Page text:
Before this project started, drawings of how to reconstruct I-5 in a wider configuration with “minimal” impacts to traffic above were generated. This project has always been about a wider I-5 through the Broadway interchange, and everything else is just window dressing. It is not too late. Any benefits this project might have could be achieved at a much lower cost through other means. We can still stop this $800 million boondoggle, which is clearly a continuation of the shameful history of highway construction in Portland’s inner neighborhoods. It is not too late.
By Ruth Eddy
On a rainy Saturday in October 1966, Governor Mark Hatfield presided over a ceremony celebrating the completion of Interstate-5 through the state of Oregon. Construction of the Marquam Bridge had just finished, the final piece of a 308 mile stretch of a highway that cost $300 million and would prove its role as the economic artery of the state.
Fifty years later, the burden of I-5 has only grown in importance. In 2010, government officials began planning for a project to address safety issues on the freeway, especially around the intersections of I-5, I-405, and I-84. The confluence of these freeways had become a predictable bottleneck for an expanding population. Tasked with finding a solution, the Oregon Department of Transportation proposed a project to add auxiliary lanes to ramps exiting and entering the highway, reducing collisions for cars trying to make quick lane changes. In 2017, the Oregon legislature budgeted another $300 million to complete the updates.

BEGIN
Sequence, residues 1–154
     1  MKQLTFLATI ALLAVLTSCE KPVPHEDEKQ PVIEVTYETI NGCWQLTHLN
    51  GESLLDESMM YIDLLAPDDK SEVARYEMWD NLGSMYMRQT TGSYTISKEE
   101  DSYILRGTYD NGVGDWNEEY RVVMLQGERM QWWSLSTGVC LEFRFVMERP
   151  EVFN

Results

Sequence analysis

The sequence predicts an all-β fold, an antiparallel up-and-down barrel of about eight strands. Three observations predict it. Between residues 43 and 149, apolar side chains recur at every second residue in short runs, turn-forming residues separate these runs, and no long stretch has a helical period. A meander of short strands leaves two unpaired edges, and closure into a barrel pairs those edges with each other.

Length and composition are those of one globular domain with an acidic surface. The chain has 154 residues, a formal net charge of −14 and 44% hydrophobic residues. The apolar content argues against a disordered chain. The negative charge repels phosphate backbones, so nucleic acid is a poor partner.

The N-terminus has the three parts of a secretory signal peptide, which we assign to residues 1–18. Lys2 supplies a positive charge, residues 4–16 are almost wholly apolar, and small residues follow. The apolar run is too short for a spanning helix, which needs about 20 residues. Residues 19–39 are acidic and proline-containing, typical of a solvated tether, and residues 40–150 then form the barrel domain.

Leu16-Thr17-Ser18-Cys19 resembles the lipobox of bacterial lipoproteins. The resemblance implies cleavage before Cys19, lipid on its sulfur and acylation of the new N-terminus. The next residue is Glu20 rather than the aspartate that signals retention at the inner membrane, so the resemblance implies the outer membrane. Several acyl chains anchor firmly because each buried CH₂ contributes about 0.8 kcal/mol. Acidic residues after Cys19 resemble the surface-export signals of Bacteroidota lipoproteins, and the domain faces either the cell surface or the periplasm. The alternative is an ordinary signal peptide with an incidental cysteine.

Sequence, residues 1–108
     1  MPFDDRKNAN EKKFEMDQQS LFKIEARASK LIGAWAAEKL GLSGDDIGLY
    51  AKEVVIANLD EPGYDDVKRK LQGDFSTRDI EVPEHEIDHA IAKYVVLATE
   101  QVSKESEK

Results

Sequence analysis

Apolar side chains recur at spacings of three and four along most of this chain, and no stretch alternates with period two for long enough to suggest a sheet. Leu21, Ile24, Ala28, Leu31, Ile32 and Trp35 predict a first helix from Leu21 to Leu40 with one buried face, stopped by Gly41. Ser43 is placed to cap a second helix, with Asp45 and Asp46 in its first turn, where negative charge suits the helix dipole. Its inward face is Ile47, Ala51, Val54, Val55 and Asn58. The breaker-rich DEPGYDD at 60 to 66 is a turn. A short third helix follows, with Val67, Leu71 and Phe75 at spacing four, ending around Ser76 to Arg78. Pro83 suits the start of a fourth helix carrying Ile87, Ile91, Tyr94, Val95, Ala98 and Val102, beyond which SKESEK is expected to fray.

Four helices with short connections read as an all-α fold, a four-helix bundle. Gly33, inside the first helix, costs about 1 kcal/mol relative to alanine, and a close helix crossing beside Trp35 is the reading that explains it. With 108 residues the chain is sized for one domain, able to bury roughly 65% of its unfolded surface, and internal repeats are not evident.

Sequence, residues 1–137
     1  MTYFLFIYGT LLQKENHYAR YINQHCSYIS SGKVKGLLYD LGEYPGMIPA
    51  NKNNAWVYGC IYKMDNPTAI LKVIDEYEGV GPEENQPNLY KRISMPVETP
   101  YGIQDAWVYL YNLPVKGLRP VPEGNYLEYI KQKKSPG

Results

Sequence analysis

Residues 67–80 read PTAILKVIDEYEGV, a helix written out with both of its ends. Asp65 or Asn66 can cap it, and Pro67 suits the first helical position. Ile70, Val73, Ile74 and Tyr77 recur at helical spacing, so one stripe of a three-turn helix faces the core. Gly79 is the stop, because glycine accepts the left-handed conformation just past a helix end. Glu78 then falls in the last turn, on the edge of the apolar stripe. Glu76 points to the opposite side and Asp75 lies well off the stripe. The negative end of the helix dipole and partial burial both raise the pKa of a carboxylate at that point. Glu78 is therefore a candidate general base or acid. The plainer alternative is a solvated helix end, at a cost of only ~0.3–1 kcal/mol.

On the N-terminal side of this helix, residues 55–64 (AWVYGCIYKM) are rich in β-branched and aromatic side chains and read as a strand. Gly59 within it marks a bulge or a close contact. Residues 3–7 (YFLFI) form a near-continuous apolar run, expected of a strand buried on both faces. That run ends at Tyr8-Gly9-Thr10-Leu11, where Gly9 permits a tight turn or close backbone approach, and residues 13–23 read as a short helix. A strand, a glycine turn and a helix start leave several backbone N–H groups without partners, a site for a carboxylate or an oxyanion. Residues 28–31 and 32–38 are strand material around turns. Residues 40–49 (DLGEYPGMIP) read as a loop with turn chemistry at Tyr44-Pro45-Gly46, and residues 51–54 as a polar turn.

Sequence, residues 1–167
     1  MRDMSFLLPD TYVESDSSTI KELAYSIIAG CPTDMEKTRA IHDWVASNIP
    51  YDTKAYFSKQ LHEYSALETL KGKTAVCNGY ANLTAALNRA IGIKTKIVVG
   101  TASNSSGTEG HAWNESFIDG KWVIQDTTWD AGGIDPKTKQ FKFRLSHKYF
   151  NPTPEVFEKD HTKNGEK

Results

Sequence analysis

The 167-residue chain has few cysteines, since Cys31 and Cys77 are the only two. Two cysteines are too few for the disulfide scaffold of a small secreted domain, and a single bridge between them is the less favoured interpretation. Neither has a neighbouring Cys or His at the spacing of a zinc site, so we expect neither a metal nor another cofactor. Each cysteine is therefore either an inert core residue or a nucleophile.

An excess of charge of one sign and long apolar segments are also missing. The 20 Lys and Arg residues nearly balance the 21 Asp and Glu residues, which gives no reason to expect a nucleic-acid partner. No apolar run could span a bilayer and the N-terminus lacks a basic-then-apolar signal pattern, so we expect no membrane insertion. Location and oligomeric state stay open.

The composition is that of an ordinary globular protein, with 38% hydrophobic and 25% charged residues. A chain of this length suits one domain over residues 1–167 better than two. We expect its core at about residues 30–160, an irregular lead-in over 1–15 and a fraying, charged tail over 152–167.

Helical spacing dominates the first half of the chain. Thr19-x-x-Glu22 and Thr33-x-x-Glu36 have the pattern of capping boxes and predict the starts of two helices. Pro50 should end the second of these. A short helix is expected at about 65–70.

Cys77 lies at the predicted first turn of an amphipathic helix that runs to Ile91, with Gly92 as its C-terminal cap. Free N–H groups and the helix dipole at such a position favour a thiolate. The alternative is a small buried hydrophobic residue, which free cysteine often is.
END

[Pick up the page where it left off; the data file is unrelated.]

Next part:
Since then, the estimated cost of the “Rose Quarter Improvement Project” has ballooned to nearly $800 million, and public opposition has grown apace.
Aaron Brown, founder of No More Freeways, along with a coalition of neighborhood and city organizers, is pushing for the Oregon Transportation Commission to instruct ODOT to perform an Environmental Impact Statement (EIS) for the project. Since the project got funding three years ago, Brown has been working against it as a labor of love. “This is how I’m choosing to spend my time when we have ten years to solve the climate apocalypse, right? Stopping a massive fossil fuel infrastructure in the backyard of Harriet Tubman middle school. It’s exhausting and pretty demoralizing at times and it’s pretty frustrating to see the ways which this project continues to churn forward.”